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# How to compute gradients in PyTorch?

To compute the gradients, a tensor must have its parameter** requires_grad = true**. The gradients are same as the partial derivatives.

For example, in the function** y = 2*x + 1**, **x** is a tensor with **requires_grad
= True**. We can compute the gradients using **y.backward()** function and
the gradient can be accessed using **x.grad.**

Here, the value of **x.gad** is same as the partial derivative of **y** with respect
to **x**. If the tensor x is without** requires_grad**, then the gradient is None.
We can define a function of multiple variables. Here the variables are the
PyTorch tensors.

## Steps

We can use the following steps to compute the gradients −

Import the

**torch**library. Make sure you have it already installed.

import torch

Create PyTorch tensors with

**requires_grad = True**and print the tensor.

x = torch.tensor(2.0, requires_grad = True) print("x:", x)

Define a function

**y**for the above tensor,**x**.

y = x**2 + 1

Compute the gradients using the

**backward**function for**y**.

y.backward()

Access and print the gradients with respect to the above-created tensor

**x**using**x.grad**.

dx = x.grad print("x.grad :", dx)

## Example 1

The following example shows the detailed process to compute the gradients in PyTorch.

# import torch library import torch # create tensors with requires_grad = true x = torch.tensor(2.0, requires_grad = True) # print the tensor print("x:", x) # define a function y for the tensor, x y = x**2 + 1 print("y:", y) # Compute gradients using backward function for y y.backward() # Access the gradients using x.grad dx = x.grad print("x.grad :", dx)

## Output

x: tensor(2., requires_grad=True) y: tensor(5., grad_fn=<AddBackward0>) x.grad : tensor(4.)

## Example 2

In the following Python program, we use three tensors **x**, **w**, and **b** as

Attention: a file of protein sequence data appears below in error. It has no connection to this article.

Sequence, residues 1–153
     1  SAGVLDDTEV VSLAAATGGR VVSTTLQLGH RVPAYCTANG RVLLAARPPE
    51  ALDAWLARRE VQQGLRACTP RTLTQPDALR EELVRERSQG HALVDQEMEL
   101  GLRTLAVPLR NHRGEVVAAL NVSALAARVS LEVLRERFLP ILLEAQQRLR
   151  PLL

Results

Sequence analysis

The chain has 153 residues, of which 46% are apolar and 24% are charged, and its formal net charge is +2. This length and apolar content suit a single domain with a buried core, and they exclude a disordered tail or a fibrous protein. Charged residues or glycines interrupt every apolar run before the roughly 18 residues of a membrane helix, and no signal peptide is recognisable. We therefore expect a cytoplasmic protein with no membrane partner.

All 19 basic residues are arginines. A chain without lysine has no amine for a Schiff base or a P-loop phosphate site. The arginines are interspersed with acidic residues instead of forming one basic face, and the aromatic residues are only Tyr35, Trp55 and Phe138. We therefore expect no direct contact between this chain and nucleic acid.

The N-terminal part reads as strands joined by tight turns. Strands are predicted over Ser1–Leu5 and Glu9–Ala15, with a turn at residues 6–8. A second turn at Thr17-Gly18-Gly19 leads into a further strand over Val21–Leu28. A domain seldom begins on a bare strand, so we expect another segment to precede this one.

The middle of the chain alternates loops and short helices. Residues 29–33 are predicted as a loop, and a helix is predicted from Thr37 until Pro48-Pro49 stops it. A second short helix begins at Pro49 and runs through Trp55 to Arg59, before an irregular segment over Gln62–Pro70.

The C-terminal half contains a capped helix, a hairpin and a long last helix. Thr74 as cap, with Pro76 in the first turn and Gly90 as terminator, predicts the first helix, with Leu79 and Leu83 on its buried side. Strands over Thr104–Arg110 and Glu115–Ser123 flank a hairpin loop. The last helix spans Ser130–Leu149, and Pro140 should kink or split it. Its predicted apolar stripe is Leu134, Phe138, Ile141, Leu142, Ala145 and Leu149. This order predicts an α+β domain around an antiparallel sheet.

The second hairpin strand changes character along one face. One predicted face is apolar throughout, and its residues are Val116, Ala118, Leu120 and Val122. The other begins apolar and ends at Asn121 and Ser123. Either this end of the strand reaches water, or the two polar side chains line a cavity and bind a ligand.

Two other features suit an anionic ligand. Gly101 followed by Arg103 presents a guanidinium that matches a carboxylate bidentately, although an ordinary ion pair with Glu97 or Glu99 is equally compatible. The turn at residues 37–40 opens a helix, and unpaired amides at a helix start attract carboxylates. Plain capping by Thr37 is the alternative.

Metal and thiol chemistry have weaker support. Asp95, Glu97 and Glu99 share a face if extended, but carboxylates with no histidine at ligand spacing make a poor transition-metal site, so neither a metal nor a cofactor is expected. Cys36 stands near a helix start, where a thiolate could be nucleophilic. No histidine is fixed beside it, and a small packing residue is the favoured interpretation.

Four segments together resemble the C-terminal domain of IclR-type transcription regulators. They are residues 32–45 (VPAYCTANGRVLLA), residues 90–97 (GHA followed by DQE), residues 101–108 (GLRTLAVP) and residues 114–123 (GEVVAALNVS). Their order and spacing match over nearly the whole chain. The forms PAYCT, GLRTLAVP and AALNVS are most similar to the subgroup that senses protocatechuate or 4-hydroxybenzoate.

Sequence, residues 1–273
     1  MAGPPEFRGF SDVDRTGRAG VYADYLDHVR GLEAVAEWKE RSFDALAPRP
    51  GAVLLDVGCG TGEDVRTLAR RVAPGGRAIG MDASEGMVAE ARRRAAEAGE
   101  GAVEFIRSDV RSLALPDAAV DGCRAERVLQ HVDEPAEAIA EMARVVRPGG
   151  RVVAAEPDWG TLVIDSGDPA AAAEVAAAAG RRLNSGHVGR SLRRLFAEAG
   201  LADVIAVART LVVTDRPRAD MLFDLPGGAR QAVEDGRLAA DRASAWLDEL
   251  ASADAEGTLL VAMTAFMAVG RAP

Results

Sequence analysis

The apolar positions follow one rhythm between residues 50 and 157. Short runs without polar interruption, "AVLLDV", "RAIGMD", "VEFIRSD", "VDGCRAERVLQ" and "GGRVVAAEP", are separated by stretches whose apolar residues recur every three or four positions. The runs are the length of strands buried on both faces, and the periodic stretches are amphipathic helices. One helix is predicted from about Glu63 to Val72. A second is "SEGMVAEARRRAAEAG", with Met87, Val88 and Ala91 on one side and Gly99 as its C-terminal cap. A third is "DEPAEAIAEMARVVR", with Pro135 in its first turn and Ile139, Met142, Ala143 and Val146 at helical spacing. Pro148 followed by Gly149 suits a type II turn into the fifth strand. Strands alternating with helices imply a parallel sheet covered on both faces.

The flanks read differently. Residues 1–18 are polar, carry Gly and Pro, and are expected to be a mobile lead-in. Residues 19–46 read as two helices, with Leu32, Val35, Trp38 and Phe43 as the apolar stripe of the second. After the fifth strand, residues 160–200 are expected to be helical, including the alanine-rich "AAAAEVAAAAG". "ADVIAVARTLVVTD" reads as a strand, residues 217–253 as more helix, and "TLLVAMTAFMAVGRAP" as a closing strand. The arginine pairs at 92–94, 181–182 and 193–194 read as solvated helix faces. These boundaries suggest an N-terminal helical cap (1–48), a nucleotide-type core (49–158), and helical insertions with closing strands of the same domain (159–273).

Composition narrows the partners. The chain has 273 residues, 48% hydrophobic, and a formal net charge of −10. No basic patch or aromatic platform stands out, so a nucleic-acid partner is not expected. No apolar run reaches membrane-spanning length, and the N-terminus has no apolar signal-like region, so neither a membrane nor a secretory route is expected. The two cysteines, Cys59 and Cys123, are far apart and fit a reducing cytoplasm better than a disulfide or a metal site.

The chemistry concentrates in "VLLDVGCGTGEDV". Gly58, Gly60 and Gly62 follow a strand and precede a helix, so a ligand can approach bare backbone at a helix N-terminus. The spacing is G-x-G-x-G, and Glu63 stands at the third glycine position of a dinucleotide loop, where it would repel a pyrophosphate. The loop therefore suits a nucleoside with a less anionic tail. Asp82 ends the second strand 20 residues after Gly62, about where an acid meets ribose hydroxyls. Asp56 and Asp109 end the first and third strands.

variables for function **y**. Tensor **x **is without **requires_grad** and **w** and **b** are
with **requires_grad = true**.

# import torch library import torch # create tensor without requires_grad = true x = torch.tensor(3) # create tensors with requires_grad = true w = torch.tensor(2.0, requires_grad = True) b = torch.tensor(5.0, requires_grad = True) # print the tensors print("x:", x) print("w:", w) print("b:", b) # define a function y for the above tensors y = w*x + b print("y:", y) # Compute gradients by calling backward function for y y.backward() # Access and print the gradients w.r.t x, w, and b dx = x.grad dw = w.grad db = b.grad print("x.grad :", dx) print("w.grad :", dw) print("b.grad :", db)

## Output

x: tensor(3) w: tensor(2., requires_grad=True) b: tensor(5., requires_grad=True) y: tensor(11., grad_fn=<AddBackward0>) x.grad : None w.grad : tensor(3.) b.grad : tensor(1.)

Notice that the** x.grad** is None. It's so because the x is defined without
**requires_grad = True**.

## Example 3

# import torch library import torch # create tensors with requires_grad = true x = torch.tensor(3.0, requires_grad = True) y = torch.tensor(4.0, requires_grad = True) # print the tensors print("x:", x) print("y:", y) # define a function z of above created tensors z = x**y print("z:", z) # call backward function for z to compute the gradients z.backward() # Access and print the gradients w.r.t x, and y dx = x.grad dy = y.grad print("x.grad :", dx) print("y.grad :", dy)

## Output

x: tensor(3., requires_grad=True) y: tensor(4., requires_grad=True) z: tensor(81., grad_fn=<PowBackward1>) x.grad : tensor(108.) y.grad : tensor(88.9876)

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